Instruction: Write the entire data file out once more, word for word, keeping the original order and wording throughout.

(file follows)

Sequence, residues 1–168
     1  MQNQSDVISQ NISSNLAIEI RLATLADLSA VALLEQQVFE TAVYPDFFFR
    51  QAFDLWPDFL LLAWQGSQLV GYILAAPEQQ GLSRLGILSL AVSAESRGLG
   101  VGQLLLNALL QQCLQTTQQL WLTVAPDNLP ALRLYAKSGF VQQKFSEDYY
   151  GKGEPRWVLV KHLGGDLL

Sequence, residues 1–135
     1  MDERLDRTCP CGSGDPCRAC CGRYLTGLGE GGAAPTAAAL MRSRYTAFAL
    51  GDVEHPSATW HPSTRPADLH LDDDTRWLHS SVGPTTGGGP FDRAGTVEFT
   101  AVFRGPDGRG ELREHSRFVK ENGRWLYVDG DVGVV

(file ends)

Sequence, residues 1–168
     1  MQNQSDVISQ NISSNLAIEI RLATLADLSA VALLEQQVFE TAVYPDFFFR
    51  QAFDLWPDFL LLAWQGSQLV GYILAAPEQQ GLSRLGILSL AVSAESRGLG
   101  VGQLLLNALL QQCLQTTQQL WLTVAPDNLP ALRLYAKSGF VQQKFSEDYY
   151  GKGEPRWVLV KHLGGDLL

Sequence, residues 1–135
     1  MDERLDRTCP CGSGDPCRAC CGRYLTGLGE GGAAPTAAAL MRSRYTAFAL
    51  GDVEHPSATW HPSTRPADLH LDDDTRWLHS SVGPTTGGGP FDRAGTVEFT
   101  AVFRGPDGRG ELREHSRFVK ENGRWLYVDG DVGVV